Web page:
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Trentyn Murrell, sales associate at The Shooter's Depot, fires a Smith and Wesson Model 66 on the practice range.

Gun Permits by State

According to the Tennessee Department of Safety and Homeland Security, there are 478,904 handgun permits issued in the state as of this month. Georgia and Alabama don't release the exact number of carry permits, but Georgia had an estimated 600,000 in 2011, according to the U.S. Government Accountability Office. Alabama had about 380,000 in 2012, according to reports from county sheriff's offices.

Handgun Carry Permits

• Hamilton County: 21,773

• Bradley: 8,048

• Marion: 2,065

• Bledsoe: 1,059

• Grundy: 1,100

• McMinn: 5,081

• Meigs: 1,191

• Polk: 1,661

• Rhea: 2,483

• Sequatchie: 1,401

Source: Tennessee Department of Safety and Homeland Security

States' Carry Laws

• Don't allow open carry at all: California, Texas, Illinois, New York, South Carolina, Florida, Washington, D.C.

• Allow open carry with a permit: Tennessee, Georgia, Oklahoma, Minnesota, Iowa, Indiana, Massachusetts, Rhode Island, New Jersey, Maryland, Hawaii, Utah, Connecticut

• All other states allow open carry with no permit.

• Alaska, Arizona, Wyoming and Vermont allow concealed carry without any permit.

Source: Law Center to Prevent Gun Violence

The man was over 6 feet tall, built like an NFL linebacker, bald and carrying a huge handgun on his left hip in broad daylight in downtown Chattanooga.

He wasn't threatening anyone, though the gun on his hip carried an implied sense of danger. He was just doing his job, hooking up a car to a wrecker. And, if he had the right permit, he wasn't breaking the law.

In Tennessee, if you have a handgun carry permit, you are allowed to carry the weapon either openly or concealed. The same is true in Georgia, but Alabama allows you to openly carry without a permit.

"It's a personal preference," says Trentyn Murrell, a criminal justice student at the University of Tennessee at Chattanooga and an employee at Shooter's Depot on Shallowford Road.

But make no mistake, if a person is carrying a weapon openly, there is a message being sent, Murrell says.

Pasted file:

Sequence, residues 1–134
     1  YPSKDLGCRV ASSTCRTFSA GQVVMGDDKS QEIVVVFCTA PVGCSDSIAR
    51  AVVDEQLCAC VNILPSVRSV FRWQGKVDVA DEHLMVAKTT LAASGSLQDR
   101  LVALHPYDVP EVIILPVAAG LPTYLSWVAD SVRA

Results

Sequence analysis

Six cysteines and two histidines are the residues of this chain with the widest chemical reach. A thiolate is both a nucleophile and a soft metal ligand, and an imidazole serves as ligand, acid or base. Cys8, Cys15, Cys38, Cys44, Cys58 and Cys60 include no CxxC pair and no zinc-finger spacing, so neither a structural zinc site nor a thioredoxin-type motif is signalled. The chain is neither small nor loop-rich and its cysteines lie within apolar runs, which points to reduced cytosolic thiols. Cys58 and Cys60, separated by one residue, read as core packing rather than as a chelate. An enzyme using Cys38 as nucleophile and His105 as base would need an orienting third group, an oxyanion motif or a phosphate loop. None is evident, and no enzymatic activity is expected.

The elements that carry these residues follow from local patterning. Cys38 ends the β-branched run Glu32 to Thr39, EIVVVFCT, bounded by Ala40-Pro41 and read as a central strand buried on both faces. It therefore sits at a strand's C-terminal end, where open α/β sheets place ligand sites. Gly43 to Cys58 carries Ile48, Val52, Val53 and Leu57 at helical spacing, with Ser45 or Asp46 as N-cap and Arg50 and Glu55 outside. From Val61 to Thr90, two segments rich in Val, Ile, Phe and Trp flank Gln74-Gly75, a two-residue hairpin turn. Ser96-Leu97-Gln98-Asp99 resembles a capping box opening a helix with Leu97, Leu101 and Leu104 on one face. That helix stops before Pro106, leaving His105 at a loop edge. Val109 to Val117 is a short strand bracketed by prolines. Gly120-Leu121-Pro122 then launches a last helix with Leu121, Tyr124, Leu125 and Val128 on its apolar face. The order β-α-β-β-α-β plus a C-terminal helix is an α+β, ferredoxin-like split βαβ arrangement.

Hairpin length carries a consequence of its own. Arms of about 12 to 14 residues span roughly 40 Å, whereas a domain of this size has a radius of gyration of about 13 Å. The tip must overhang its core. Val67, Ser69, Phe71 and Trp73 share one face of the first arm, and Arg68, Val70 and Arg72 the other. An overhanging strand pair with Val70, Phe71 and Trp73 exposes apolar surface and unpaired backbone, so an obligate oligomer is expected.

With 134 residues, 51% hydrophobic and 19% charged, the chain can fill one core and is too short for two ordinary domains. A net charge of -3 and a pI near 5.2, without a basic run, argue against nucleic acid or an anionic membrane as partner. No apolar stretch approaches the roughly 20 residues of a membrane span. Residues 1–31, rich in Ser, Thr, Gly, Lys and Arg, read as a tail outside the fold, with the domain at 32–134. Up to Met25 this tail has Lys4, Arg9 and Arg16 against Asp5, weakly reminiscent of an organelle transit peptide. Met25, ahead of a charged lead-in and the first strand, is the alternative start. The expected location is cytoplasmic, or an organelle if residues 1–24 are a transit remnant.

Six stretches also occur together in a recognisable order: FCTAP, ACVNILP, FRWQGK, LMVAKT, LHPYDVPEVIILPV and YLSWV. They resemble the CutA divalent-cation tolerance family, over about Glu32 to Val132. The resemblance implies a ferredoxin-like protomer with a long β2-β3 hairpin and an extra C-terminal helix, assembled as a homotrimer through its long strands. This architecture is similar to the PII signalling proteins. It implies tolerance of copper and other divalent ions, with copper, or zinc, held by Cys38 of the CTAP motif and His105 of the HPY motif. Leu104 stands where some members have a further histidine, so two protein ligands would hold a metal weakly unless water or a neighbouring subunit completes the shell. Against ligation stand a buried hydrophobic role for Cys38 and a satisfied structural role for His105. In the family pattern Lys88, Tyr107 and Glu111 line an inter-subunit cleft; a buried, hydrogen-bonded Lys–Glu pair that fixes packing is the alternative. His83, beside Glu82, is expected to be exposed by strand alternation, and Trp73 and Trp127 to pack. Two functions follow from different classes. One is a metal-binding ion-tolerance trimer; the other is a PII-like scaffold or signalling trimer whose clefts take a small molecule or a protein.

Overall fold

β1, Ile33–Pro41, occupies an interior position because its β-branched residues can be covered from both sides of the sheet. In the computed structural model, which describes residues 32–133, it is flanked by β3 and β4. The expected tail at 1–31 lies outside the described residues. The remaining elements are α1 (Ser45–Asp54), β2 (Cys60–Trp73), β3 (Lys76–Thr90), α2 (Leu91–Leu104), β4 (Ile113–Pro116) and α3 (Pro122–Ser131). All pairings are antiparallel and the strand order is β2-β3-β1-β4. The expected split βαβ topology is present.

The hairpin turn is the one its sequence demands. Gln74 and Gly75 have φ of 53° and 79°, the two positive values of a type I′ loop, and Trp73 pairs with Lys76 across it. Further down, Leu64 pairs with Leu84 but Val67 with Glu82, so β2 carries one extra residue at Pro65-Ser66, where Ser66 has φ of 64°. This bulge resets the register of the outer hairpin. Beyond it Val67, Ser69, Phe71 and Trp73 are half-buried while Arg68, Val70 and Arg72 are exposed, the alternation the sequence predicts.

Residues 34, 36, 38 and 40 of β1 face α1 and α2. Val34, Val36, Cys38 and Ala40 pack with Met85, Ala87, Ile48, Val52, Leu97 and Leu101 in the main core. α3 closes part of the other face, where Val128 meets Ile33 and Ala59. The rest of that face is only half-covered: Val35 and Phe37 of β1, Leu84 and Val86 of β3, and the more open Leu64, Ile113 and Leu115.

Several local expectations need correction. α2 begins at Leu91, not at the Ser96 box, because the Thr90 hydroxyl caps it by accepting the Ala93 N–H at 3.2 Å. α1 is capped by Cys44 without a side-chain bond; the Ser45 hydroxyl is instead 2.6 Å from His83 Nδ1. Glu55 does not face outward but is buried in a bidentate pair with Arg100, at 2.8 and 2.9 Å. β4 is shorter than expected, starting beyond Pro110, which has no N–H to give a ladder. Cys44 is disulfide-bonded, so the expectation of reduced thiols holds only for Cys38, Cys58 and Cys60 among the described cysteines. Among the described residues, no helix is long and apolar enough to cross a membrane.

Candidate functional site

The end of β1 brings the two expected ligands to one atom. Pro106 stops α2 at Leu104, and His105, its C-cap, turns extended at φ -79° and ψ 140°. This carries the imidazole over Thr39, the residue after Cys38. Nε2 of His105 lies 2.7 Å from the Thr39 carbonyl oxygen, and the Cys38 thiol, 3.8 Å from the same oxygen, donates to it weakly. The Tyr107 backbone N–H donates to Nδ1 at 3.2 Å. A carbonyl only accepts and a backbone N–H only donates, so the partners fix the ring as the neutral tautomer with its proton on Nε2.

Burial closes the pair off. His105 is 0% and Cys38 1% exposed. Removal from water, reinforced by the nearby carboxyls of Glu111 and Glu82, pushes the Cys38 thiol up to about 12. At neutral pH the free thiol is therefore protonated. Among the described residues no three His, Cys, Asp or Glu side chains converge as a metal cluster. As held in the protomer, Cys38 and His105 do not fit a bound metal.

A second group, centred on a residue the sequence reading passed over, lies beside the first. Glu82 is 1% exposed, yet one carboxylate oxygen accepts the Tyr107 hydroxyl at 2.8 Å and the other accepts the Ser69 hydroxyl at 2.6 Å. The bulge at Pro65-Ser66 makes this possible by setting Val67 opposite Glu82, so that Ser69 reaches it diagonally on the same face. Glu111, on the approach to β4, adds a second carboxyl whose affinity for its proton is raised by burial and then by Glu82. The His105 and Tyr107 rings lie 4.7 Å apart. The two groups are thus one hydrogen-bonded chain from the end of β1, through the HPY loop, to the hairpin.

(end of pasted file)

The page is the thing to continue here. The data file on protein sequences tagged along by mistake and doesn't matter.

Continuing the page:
"It's an outward warning saying, 'I'm not afraid to use it.' It's a visual display that you don't want anyone messing with you."

While it's hardly a daily occurrence for most people to see someone other than law enforcement who's openly packing heat, chances are, if you haven't see it yet, you will sometime in the future. And even if you don't see the glint of gunmetal on a hip, there's an increasing chance that someone around you in that movie theater, shopping mall or restaurant has a concealed carry permit and is using it, even if the business itself doesn't allow weapons.

Gun laws are being openly debated in most state legislatures, some calling for them to be tightened, others wanting them loosened. This year, for instance, Georgia passed one of the least-restrictive gun laws in the country, the Georgia Safe Carry Protection Act, which opponents called the "Guns Everywhere" law. It allows guns to be carried in bars, churches, public housing, unsecured areas of airports and in government buildings that don't have security personnel.

In Tennessee, among the gun laws debated by the Legislature in recent years are to allow guns in bars, on campuses of public K-12 schools and colleges, in business' parking lots and in public parks. Guns in bars and in parking lots (as long as the owner has a permit) passed, but the others failed.

Carry choices

Some folks carry a weapon -- concealed or otherwise -- to make them feel safer in what they see as an increasingly lawless society. Some are making a statement in support of the Second Amendment, which they fear is being assaulted daily by anti-gun activists and the government.

But for those who don't carry a weapon, seeing a gun right out there in the open can be a jarring experience, sometimes a frightening one because, chances are, they don't know the person wearing the gun, don't know the person's frame of mind: "Is he a nut or someone nice like my next-door neighbor Bob?"

Amy Smith, one of the owners of Shooter's Depot, grew up in a household where gun education was a priority, says she understands why guns -- whether carried openly or concealed -- make some people uncomfortable.

"These are the people who think a gun is going to go off by itself," she says. "They don't know how a firearm works and the process it takes from loading ammunition to when it comes out of the barrel toward a target. There's a lot that has to happen."

C.J. Grisham, president of Open Carry Texas, insists there's no reason to fear.